Dutch retailer turnover in April almost equalled the level in April 2009. Retail prices were nearly 2 percent up on one year previously. Retail turnover is affected by the monthly number of shopping days and holidays. The shopping-day and holiday pattern was slightly more favourable in April 2010 than in April 2009. After a rough correction for this effect, turnover was more than 1 percent lower than twelve months previously.
Turnover generated in the non-food sector was down by 4 percent. Prices hardly changed compared with April 2009. Sales were down in all branches of the non-food sector with the exception of textile supermarkets and households articles shops. Clothes shops and home furnishing shops faced the most dramatic loss of turnover. Sales in the non-food sector grew by 2 percent in March, the first increase in eighteen months.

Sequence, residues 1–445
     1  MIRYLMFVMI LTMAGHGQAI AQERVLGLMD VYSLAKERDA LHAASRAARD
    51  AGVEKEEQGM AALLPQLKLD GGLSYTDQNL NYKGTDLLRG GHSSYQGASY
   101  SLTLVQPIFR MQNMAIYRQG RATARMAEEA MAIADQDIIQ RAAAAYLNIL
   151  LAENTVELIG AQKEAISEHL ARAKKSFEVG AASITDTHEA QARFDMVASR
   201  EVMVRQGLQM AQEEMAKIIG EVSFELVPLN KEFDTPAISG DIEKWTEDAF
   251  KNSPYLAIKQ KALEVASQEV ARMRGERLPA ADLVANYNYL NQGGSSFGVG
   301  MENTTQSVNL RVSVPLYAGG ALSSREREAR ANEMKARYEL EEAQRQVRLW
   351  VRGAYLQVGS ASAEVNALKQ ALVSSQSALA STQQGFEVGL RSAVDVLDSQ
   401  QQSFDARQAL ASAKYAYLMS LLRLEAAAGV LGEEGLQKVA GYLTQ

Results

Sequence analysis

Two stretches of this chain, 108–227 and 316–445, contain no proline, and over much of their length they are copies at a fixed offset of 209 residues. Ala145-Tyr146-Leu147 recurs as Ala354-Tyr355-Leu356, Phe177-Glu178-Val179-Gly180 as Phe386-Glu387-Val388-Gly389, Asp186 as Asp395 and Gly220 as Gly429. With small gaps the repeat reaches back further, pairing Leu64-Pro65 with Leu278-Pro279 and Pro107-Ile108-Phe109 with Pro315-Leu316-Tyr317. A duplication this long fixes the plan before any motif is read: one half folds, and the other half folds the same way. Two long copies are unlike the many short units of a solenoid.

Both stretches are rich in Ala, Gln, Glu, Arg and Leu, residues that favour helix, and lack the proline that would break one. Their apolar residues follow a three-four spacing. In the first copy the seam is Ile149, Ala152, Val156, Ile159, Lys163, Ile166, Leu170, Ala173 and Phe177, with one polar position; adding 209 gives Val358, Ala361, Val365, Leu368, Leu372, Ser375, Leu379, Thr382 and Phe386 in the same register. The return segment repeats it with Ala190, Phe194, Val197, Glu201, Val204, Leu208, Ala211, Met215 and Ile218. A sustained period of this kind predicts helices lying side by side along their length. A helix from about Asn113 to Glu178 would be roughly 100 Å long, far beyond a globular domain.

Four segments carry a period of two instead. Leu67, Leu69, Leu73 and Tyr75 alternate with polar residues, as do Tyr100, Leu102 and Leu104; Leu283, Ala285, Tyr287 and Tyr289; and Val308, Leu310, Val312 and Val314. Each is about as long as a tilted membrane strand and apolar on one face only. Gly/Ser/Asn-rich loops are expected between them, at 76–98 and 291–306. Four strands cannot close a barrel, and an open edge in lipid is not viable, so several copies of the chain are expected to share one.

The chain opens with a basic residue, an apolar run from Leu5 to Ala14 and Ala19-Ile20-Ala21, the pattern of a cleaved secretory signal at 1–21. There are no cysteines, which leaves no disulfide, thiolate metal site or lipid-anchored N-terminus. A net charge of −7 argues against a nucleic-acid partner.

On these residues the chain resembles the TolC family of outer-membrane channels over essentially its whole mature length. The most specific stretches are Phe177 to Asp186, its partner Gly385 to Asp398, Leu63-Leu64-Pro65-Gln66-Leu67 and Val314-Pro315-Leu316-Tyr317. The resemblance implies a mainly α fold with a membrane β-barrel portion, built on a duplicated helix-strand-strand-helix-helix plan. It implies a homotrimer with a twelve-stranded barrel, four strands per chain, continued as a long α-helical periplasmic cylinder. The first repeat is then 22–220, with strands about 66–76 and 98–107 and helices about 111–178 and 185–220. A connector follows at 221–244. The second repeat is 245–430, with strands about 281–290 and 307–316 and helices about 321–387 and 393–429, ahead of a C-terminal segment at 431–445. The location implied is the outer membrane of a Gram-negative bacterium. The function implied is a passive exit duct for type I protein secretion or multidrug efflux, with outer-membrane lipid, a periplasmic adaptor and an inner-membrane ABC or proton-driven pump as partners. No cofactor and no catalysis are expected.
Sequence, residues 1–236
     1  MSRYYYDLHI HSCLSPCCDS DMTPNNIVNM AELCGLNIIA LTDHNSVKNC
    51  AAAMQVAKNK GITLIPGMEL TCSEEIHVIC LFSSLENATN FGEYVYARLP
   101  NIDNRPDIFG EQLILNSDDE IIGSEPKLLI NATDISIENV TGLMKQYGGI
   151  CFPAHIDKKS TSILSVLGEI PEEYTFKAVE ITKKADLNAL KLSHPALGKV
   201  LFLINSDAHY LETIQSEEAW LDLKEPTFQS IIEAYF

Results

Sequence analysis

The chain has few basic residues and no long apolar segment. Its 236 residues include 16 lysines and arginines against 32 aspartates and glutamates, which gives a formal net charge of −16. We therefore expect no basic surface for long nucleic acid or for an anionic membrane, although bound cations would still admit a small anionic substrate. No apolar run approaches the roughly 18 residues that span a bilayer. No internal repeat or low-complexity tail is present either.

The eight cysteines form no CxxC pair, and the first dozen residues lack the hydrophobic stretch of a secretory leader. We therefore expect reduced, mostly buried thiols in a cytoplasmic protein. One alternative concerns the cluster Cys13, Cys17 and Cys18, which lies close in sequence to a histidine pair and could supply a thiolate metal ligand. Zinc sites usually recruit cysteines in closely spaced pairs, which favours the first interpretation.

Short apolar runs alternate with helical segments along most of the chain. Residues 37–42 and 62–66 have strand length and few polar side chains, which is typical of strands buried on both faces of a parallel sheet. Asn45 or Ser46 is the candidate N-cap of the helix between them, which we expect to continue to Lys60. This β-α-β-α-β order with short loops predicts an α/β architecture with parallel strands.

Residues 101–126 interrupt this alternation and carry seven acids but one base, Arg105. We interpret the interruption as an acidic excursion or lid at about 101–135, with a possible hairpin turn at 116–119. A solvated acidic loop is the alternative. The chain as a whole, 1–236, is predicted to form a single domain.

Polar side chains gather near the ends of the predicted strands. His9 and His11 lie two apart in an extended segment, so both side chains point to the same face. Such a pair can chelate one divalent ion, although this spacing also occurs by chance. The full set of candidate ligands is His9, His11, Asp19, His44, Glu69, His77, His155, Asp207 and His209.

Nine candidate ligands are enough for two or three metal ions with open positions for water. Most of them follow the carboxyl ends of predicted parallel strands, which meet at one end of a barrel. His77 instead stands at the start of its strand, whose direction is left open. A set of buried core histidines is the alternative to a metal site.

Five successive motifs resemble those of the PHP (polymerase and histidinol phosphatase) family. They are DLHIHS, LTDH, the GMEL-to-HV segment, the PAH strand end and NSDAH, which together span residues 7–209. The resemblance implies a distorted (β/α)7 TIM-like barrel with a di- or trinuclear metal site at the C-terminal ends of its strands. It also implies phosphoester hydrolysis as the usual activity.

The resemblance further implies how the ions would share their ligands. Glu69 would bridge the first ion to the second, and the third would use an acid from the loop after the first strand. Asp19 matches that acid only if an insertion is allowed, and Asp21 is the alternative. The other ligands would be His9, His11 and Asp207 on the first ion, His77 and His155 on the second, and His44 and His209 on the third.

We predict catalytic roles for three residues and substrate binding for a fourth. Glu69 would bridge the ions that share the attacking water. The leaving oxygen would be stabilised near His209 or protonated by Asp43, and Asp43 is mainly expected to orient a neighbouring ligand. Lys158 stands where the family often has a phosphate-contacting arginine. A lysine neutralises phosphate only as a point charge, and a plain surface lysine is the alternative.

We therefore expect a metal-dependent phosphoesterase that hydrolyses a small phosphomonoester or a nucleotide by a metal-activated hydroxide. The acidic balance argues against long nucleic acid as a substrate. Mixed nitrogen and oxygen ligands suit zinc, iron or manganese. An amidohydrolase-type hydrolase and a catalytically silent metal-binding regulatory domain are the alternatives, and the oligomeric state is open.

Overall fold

Turnover in the food sector rose by 2 percent. Prices were marginally lower than one year previously. The increase in turnover was entirely due to supermarket sales.
Petrol stations realised nearly 10 percent more turnover in April than one year previously, largely as a result of higher fuel prices. About one tenth of total retail turnover is generated by petrol stations.